|Most recent IBA monitoring assessment|
|Year of assessment||Threat score (pressure)||Condition score (state)||Action score (response)|
|2008||high||not assessed||not assessed|
|For more information about IBA monitoring please click here|
The Araluen-Wungong IBA supports at least 1% of the non-breeding population of the endangered Baudin's Black-Cockatoo and smaller numbers of the endangered Carnaby's Black-Cockatoo. The IBA boundaries are defined by native vegetation within a 6 km foraging radius of known non-breeding season roost sites for Baudin's Black-Cockatoo in the Darling Range in south-west Western Australia. Foraging distance has been determined by research undertaken by the Western Australian Museum (T. Kirkby, Western Australian Museum, pers. comm. 2009). The IBA consists of all native vegetation greater than 1 ha on private land, water catchment areas, state forests, nature reserves and other reserves. Pasture, crops, non-native plants, weed species and orchards are excluded from the IBA. The 1 ha minimum native vegetation criterion has been determined by experts in a consultation process undertaken by the Australian Government (C. Gole pers. comm. 2009). The area has a Mediterranean climate.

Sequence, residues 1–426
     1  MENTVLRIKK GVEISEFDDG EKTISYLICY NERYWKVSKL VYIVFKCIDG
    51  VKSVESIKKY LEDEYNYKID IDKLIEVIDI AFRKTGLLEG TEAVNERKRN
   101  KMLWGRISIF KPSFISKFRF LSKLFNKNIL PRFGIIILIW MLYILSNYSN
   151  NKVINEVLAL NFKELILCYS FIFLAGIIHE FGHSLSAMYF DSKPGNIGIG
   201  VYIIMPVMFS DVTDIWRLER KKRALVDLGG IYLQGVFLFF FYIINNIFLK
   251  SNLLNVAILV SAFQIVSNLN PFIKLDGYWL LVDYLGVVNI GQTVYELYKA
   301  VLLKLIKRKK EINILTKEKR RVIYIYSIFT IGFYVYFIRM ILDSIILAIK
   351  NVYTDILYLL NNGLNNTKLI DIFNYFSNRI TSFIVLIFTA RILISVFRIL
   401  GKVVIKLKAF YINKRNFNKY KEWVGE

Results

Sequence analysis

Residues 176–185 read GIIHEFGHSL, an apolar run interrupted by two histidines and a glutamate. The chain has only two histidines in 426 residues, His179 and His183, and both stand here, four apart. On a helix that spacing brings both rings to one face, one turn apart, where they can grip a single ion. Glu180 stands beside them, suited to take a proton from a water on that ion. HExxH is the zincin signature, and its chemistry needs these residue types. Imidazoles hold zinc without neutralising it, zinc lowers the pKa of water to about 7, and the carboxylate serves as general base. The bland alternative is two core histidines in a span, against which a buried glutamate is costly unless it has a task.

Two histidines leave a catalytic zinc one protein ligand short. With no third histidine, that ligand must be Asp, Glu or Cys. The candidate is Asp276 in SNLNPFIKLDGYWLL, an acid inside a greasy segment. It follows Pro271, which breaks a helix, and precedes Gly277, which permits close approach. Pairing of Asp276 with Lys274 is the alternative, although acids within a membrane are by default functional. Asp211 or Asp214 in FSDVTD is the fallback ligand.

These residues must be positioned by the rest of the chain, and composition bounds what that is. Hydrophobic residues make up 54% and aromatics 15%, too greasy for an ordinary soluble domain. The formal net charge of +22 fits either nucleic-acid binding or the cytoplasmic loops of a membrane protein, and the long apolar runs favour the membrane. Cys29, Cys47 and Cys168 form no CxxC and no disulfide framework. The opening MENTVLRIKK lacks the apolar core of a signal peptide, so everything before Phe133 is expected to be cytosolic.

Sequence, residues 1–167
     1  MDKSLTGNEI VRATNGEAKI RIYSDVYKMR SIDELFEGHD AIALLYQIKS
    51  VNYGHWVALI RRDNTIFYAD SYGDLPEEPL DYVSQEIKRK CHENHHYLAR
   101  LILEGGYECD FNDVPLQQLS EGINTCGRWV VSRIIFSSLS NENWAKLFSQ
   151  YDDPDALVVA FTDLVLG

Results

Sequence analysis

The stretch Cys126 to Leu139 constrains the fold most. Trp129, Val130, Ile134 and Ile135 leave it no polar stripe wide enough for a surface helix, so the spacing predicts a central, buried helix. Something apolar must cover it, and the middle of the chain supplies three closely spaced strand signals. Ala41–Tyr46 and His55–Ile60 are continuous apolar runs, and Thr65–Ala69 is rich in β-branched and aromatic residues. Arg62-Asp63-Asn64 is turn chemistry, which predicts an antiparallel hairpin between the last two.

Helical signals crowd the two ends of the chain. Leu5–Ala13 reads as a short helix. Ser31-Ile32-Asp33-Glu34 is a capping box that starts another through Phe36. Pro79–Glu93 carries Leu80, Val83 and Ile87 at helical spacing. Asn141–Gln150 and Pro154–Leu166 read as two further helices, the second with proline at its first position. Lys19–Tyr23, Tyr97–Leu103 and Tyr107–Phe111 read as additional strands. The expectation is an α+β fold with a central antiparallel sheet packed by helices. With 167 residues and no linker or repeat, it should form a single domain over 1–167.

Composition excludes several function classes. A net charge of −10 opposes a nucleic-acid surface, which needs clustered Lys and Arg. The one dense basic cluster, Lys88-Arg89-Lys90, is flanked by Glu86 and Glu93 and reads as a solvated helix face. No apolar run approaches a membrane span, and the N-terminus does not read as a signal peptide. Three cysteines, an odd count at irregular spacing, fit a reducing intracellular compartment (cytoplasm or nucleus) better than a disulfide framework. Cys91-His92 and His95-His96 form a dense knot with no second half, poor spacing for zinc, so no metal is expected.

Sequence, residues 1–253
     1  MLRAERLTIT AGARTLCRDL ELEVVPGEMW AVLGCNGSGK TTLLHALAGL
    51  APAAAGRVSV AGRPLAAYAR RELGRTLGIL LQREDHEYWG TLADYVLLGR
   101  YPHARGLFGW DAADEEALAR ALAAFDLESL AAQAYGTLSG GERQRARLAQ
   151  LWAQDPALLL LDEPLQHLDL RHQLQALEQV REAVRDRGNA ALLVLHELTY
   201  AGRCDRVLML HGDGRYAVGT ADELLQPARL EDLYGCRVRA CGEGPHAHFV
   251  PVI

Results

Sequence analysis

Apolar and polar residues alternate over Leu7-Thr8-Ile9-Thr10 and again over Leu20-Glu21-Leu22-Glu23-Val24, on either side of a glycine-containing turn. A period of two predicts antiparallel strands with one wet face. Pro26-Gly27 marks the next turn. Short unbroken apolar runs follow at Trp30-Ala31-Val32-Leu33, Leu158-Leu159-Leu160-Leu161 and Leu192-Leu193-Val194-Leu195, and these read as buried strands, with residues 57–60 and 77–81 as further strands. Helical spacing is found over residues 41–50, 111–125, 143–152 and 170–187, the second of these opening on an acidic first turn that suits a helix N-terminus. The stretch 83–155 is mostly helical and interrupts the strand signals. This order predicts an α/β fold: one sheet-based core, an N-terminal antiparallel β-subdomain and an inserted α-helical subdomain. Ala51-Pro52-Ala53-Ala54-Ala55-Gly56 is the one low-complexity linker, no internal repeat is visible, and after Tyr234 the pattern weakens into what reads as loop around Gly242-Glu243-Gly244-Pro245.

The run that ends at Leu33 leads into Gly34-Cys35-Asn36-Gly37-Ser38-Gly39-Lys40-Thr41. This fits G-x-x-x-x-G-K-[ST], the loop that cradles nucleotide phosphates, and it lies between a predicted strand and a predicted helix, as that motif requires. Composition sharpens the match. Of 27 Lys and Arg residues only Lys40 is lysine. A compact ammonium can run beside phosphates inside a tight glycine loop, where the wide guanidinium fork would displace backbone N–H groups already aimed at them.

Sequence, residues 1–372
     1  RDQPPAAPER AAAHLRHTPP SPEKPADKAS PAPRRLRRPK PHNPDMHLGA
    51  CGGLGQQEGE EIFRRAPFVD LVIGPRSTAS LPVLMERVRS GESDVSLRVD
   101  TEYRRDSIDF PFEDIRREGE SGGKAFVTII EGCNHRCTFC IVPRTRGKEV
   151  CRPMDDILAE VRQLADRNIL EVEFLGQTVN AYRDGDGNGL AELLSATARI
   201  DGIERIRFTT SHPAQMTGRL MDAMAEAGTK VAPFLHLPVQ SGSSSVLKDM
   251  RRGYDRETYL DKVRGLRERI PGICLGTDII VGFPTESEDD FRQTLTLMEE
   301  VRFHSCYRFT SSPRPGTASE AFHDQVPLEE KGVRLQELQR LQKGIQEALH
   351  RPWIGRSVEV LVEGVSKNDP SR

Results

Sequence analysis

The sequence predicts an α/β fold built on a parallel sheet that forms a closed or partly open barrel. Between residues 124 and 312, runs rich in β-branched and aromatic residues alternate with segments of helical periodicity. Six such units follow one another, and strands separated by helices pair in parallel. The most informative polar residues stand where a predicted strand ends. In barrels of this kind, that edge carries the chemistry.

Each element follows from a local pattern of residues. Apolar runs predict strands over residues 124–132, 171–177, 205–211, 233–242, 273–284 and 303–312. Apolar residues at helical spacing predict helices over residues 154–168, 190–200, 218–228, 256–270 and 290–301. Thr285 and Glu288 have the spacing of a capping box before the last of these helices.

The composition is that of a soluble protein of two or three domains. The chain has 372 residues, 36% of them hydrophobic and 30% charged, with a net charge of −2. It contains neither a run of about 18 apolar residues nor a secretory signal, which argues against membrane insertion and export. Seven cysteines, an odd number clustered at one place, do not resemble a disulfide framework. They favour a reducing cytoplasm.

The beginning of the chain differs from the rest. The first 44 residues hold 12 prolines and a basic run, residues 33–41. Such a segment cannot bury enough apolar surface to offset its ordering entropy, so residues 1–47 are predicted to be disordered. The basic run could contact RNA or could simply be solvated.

The forest redtail subspecies of Red-tailed Black-Cockatoo (Calyptorhynchus banksii naso) is listed as vulnerable under the Australian federal government Environment Protection and Biodiversity Conservation Act 1999. This subspecies is a breeding resident of the IBA. Numbers of breeding Red-tailed Cockatoos in this IBA have been monitored for a number of years by the Western Australian Museum (T. Kirkby, Western Australian Museum, pers. comm. 2009). There is a single record of the biome-restricted Regent Parrot near Wungong Gorge (T. Kirkby, Western Australian Museum, pers. comm. 2009).
Non-bird biodiversity: This large IBA is likely to contain a number of other threatened flora and fauna. Details of these are available from the Department of Environment and Conservation, Threatened Species and Communities Branch.
BirdLife International (2019) Important Bird Areas factsheet: Araluen-Wungong. Downloaded from http://www.birdlife.org on 13/12/2019.